Website Tips for Group Practice – Add Individual, Optimized Bio Pages For Each Of Your Clinicians

When working with a team, it’s important to consider how best to showcase everyone on your website. Many practitioners running group practices fall into a trap. They put all of their team members’ bios on one page and call it done.

We’re here to tell you that’s not the way to do it.

At least, not if you want to rank. You want to make your website easy for Google to read. That’s what gets the SEO juices flowing and gives you a successful website that converts visitors into clients.

Make An “Our Team” Page

Creating a page on your website that spotlights your whole team is a great way to give potential clients a shopping window view of who’s available to help them navigate their therapy journey. But the trick is to make sure it’s visitor-friendly and Google-friendly.

Here’s something we don’t recommend.

An example of a group practice about page that's not optimized.

Can you see the trap we’re talking about? The team page is dedicated to showing off a great team of therapists. That’s good! All of their bios are on the same page.

That’s bad.

Google can’t read this as easily, it sees it as a cluttered page, and your SEO ranking suffers because of that. It’s also overwhelming for someone visiting the site and looking for quick bite-sized bits of information.

Here’s the recommended fix (Counseling Wise approved!)… 

Create Individual Pages For Each Clinician

Creating the “Our Team” page is a great starting point. But the follow-through is to have individual bio pages for each clinician. Then, you can set up your Our Team page with links that direct visitors to the bio page for the individual practitioner. It looks a little like this. 

An example of a group practice about page with individual links for each practitioner's bio.

Here’s another team page from the Relationship Counseling Center of Austin. They’re giving their rockstar team a great stage, a bit like an opening act. A potential client can peruse the page, and find the clinician who’s right for them.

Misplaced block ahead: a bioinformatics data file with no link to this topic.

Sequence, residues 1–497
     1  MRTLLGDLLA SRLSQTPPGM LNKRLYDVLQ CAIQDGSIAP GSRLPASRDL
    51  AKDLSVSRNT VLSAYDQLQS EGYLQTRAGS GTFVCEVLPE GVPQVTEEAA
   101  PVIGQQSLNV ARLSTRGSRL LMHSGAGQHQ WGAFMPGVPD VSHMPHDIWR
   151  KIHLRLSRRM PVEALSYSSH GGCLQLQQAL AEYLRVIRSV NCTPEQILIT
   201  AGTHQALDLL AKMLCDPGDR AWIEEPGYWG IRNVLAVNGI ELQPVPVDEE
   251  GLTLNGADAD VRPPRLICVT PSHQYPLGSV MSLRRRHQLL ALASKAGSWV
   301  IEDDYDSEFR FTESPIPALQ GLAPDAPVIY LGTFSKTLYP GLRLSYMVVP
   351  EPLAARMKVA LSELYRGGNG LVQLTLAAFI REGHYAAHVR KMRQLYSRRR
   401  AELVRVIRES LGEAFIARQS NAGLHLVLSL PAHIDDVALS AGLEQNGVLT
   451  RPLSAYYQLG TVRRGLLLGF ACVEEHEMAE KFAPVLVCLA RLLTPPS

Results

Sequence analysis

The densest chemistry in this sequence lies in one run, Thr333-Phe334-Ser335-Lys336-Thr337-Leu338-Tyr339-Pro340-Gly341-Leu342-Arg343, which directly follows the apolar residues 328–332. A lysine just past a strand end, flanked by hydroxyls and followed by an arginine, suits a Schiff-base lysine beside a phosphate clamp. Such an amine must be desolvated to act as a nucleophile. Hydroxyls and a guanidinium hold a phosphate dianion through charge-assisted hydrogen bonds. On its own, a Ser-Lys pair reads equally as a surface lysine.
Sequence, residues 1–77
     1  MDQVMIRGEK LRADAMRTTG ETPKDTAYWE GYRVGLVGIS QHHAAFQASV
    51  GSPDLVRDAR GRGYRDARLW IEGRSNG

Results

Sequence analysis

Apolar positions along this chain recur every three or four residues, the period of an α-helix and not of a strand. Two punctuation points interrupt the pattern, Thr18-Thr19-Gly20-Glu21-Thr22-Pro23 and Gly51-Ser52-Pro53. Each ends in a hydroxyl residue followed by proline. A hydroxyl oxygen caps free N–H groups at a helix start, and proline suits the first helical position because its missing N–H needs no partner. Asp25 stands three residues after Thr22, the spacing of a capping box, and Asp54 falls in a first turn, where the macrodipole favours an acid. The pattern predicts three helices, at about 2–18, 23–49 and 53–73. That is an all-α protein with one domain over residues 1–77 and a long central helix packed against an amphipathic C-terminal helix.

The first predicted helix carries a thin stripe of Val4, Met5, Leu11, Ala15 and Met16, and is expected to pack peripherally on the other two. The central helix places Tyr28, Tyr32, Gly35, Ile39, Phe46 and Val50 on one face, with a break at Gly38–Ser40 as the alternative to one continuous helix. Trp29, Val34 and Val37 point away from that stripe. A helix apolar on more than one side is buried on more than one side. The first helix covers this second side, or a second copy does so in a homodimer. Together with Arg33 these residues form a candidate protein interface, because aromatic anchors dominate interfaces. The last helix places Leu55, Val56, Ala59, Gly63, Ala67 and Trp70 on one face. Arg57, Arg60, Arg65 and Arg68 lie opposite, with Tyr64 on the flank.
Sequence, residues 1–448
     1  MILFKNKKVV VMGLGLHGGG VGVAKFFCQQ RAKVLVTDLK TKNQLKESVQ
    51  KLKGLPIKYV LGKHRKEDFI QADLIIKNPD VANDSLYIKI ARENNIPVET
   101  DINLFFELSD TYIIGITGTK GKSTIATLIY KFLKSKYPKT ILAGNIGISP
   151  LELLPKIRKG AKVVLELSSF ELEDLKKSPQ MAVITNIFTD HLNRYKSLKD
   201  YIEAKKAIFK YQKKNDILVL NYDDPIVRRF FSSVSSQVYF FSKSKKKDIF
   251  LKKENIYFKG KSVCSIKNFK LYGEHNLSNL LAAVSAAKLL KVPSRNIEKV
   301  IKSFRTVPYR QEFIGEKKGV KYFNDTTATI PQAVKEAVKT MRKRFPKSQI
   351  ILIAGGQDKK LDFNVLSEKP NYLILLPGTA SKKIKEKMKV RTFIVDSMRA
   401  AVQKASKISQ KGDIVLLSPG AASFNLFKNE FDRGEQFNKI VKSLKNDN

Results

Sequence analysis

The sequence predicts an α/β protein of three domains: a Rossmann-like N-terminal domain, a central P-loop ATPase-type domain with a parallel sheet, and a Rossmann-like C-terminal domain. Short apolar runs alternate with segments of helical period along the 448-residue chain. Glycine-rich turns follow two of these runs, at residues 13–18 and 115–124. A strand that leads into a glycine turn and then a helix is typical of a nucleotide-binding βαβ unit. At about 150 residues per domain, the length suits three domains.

When they find someone who specializes in their particular pain point, like depression or anxiety, they can click on the profile picture. Then, they see a profile that looks something like this:
An example of a profile for an individual on a group practice website.

Think about it from the standpoint of a potential client: I’ve located a practice I think will be a good fit. I’ve found a clinician who talks about and works with my specific pain point.

Now, I can click on their profile picture, get an even better and more detailed view of their philosophy, their modalities, and their specialties, and start building a connection with them. All before I even make a phone call! 

Google-Friendly Clinician Pages

There are a couple of tricks of the trade that help practitioner profiles rank with Google. For each individual bio page, you need two things:

  1. The clinician’s name should be an H1 tag on the page.
  2. The URL slug should reflect the clinician’s name. For example

It might seem a bit odd to consider setting up a website this way. But again, we’re setting this up for user experience and Google-readability.

Here’s an example situation that might help the setup make sense:

Let’s say you’ve received a call from someone, and they’re interested in a very specific kind of treatment—EMDR, for example. Maybe you’re not certified in EMDR, but you remember Jane Doe from school, and you’re pretty sure that she did get certified for EMDR recently. How do you find Jane Doe?

Chances are you Google her. And how does Google know where Jane Doe is? Because the website’s SEO is set up to take you exactly where you want to be. Jane Doe’s name is an H1, she has her very own bio page on her website, and the URL slug makes it even easier for Google to say, “Hey! Jane Doe’s right here!”

Still skeptical? Here’s a pro tip: Google yourself. You might be surprised by what shows up! (or what doesn’t!)

Scroll to Top